Teddy Roosevelt is generally credited with starting the mythology of flesh-stripping schools of piranha in his 1914 travelogue Through the Brazilian Wilderness.

He dubbed them “most ferocious fish in the world” and described a feeding frenzy that quickly turned a cow into bits of bloody bone (an event now believed to have been artfully staged by Teddy’s native guides).

In the Fifties and Sixties, men’s adventure magazines helped continue the legend of bloodthirsty piranhas in stories like the one I mentioned in a recent post about Brave magazine, “We Saw Them Eat Him Alive”.

The men’s pulp mags also featured some very cool piranha attack covers.

One of my favorites is the cover of the December 1953 issue of Male magazine.

It was painted by the great illustrator Robert Emil Schulz (1928-1978), who was usually credited as Bob Schulz or Robert E. Schulz.

The original painting for that cover, shown at right, is owned by men’s pulp art collector and expert Rich Oberg.

Rich told me he considers Schulz “one of the best” — putting him in the same league with pulp art legends like Mort Kunstler, Norman Saunders and Norm Eastman.

In addition to doing cover and interior art for men’s adventure magazines, Schulz painted covers for many vintage paperback books.

Below are two nice examples: The Corpse Came Calling (1942), a Mike Shayne paperback by Brett Halliday and the Signet edition of Georges Simenon's The Fugitive (1958).

You can see more Bob Schulz paperback covers and read a longer bio about him on the Killer Covers blog, a site I highly recommend to fans of old paperbacks and pulp art.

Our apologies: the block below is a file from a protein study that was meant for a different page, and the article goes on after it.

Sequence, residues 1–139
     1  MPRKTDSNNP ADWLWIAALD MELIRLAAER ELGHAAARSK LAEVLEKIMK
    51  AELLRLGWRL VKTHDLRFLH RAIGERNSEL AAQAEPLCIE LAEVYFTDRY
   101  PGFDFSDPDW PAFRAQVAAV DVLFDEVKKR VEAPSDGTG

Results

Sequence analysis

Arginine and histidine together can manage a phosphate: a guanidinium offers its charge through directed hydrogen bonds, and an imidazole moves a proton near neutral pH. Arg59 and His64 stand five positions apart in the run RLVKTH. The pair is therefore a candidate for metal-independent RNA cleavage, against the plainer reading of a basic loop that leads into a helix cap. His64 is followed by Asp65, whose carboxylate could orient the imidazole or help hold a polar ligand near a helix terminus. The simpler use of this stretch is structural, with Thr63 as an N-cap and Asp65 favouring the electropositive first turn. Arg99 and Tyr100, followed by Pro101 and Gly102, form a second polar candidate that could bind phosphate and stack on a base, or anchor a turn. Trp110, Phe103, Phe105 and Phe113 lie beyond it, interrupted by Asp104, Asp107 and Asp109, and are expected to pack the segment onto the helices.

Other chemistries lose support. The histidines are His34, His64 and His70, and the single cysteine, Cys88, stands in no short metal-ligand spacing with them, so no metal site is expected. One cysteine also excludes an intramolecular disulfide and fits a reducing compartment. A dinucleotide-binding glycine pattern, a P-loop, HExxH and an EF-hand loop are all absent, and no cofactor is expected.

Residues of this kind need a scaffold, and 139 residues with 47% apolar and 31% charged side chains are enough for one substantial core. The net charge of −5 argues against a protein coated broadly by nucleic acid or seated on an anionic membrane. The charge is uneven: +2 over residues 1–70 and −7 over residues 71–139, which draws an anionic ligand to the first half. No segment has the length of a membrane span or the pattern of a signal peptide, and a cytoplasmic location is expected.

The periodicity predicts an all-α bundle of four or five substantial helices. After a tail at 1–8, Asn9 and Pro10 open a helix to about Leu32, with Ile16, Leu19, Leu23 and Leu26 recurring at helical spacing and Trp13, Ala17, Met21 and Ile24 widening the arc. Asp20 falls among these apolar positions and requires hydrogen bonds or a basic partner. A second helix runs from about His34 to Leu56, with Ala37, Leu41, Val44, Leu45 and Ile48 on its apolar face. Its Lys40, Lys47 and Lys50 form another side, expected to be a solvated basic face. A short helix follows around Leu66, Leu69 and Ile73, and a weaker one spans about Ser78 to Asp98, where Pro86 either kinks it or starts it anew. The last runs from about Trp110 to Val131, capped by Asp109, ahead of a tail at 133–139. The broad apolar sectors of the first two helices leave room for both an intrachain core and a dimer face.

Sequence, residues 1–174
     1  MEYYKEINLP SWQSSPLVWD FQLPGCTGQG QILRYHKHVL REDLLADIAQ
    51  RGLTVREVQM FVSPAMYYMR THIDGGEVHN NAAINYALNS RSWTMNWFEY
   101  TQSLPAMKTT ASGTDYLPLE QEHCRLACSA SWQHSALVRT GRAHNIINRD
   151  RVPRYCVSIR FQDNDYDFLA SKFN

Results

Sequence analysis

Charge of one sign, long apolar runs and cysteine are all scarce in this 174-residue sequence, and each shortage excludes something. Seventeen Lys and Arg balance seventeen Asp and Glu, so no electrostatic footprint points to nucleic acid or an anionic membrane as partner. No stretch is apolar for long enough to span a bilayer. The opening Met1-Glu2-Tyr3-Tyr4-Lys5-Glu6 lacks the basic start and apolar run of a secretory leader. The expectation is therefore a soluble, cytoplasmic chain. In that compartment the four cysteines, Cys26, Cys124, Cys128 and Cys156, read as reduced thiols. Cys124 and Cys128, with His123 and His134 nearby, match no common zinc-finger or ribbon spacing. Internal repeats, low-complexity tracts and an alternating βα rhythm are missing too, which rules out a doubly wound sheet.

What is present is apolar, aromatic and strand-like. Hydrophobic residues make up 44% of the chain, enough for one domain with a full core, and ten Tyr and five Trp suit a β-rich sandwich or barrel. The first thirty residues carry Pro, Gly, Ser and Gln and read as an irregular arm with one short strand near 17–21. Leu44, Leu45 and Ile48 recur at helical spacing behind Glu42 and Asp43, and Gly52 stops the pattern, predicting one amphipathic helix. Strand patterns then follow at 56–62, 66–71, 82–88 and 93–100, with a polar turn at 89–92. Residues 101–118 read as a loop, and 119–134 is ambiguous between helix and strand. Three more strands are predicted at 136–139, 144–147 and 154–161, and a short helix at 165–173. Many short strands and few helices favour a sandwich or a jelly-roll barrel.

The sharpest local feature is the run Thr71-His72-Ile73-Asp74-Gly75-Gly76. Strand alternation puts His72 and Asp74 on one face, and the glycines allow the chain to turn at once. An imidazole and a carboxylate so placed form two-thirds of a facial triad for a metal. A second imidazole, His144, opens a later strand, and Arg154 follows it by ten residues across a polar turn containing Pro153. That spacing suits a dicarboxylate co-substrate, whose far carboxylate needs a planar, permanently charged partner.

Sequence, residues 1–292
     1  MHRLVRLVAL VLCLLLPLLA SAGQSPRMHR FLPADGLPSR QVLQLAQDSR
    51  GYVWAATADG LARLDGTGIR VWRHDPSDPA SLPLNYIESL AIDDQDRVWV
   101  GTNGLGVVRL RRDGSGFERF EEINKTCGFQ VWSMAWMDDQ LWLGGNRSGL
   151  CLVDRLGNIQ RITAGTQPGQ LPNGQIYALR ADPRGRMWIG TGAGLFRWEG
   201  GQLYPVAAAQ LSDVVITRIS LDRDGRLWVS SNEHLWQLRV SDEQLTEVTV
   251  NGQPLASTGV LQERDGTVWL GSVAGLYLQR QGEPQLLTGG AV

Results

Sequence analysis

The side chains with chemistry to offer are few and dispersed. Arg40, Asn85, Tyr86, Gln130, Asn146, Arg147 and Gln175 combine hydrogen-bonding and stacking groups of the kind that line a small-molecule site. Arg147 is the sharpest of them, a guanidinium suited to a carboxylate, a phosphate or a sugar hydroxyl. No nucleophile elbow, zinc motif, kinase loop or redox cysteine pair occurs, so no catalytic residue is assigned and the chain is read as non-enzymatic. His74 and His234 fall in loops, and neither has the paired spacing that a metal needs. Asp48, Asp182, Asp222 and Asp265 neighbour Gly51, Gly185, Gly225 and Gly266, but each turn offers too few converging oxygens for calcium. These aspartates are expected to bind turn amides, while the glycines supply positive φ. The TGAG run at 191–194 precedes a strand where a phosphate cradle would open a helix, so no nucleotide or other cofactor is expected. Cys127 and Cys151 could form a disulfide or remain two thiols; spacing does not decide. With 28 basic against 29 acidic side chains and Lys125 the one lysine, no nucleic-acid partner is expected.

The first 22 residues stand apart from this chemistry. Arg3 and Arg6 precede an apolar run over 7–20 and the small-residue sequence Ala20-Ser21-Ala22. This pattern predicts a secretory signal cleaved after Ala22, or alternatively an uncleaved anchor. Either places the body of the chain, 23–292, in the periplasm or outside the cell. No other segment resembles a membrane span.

There’s another excellent piranha attack cover painting on the December 1955 issue of Male. That one is by George Gross.

Like Schulz, Gross was a top notch artist who provided many cover paintings and interior illustrations for men’s pulp magazines, as well as for paperback and digest covers. Some wonderfully pulpy examples of the latter are showcased on the Vintage Paperbacks & Digests website, another site I highly recommend.

There’s also a piranha cover painting on the July 1957 issue of Man’s World, by an artist named Jim Bentley.

Bentley didn’t do many covers for men’s pulp magazines. But you may have seen him featured in one of the magazine ads run in the 1960s by Art Instruction Schools. It claimed that Bentley made a “handsome living” as a magazine and advertising illustrator, after taking AIS art classes and leaving his “dead-end job” as a repairman behind.

The venerable men’s magazine Stag used a piranha attack scene on its November 1954 cover. It was done by an uncredited artist and is kind of a fishy version of Stag’s “Mad Monkeys” cover.

The most outré piranha cover painting of all is by the master of over-the-top cover art, Norm Eastman. He managed to fit piranhas into the Nazi bondage and torture subgenre.